You’re no doubt already aware that 2017 marks the 50th anniversary of the Sexual Offences Act 1967 – the legislation that came as a result of the Wolfenden Report which was published 10 years before.
Often, 1967 is therefore cited as the year that homosexuality was decriminalised in the UK. In reality, however, the 1967 Act decriminalised consensual sexual activity between two men over the age of 21 ‘in private’. It also only applied to England and Wales (Scotland would follow suit in 1980 and Northern Ireland in 1982) and didn’t cover the Merchant Navy or the Armed Forces.
The ‘in private’ part may not seem too surprising at first, but it’s an important element as it meant that sexual activity could be between two men only, and that any activity that happened in a hotel or guest house (which weren’t considered private) would still be illegal.
Homosexuality would only actually be decriminalised in 2004, just 13 years ago. It was in May of this year that the Sexual Offences Act 2003 came into force. This Act replaced most previous legislation (including the 1967 Act) and instead introduced neutral offences – meaning sexual acts were viewed by the by the law without regard to the sex of the participants – and removed the previous conditions to privacy. The Act also repealed the sexual offences of ‘gross indecency’ and ‘buggery’, and followed the Sexual Offences (Amendment) Act of 2000, which equalised the age of consent.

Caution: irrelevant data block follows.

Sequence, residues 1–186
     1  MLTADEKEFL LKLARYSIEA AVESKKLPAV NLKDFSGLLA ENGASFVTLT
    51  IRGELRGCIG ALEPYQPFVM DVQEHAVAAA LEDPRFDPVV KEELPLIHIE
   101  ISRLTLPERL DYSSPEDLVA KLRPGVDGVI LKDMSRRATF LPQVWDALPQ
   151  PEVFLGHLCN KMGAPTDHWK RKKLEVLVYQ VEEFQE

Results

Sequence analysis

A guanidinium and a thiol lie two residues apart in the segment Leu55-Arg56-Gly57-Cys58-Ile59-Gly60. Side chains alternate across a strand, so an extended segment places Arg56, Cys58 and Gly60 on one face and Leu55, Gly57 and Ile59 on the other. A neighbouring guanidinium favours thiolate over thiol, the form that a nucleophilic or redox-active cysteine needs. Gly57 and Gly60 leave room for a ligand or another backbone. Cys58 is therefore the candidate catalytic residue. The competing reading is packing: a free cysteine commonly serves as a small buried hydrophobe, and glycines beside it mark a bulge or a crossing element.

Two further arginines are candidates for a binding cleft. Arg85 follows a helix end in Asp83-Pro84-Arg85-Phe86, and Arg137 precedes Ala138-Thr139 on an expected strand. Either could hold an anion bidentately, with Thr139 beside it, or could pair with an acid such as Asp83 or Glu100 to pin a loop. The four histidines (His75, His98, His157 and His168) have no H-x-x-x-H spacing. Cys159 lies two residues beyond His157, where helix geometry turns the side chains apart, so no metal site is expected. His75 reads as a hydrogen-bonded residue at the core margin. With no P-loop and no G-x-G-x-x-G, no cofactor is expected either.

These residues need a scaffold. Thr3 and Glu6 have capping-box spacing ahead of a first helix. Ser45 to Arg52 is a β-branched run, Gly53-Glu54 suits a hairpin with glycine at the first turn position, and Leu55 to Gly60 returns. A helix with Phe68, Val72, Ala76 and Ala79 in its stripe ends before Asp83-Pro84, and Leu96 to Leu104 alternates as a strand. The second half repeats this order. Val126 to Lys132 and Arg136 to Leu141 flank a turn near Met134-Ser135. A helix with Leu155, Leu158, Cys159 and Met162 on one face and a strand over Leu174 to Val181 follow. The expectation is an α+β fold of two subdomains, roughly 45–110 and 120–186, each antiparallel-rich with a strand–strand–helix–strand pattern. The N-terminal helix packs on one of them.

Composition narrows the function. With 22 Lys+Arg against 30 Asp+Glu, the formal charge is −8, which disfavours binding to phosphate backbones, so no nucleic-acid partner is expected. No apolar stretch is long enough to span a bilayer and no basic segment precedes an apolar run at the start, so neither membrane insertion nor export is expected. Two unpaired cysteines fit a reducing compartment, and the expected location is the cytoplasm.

Between the two Acts of 1967 and 2003, 30,000 gay and bisexual men were convicted for behaviour that would not have been a crime had their partner been a woman.
All that being said, and while there is still much more to be done in the UK and around the world, the 50th anniversary of the Sexual Offences Act 1967 is something to celebrate. It was the starting point of a change in equality for gay and bisexual men who had been criminalised for more than 500 years, since Henry VII passed the ‘Buggery Act’ which made sexual activity between two men punishable by death.
In our upcoming show, Agit-Pop, we therefore mark 50 years of the Act with songs by Erasure, Nina Simone, Boy George, Lily Allen, Bob Dylan, The Beach Boys and many more, to celebrate the music of liberation and protest, and how popular music changed the world.
You can buy tickets for the show here http://bit.ly/2pdrhQ3.
- Posted by Andrew Levey
- On May 5, 2017
- 0 Comments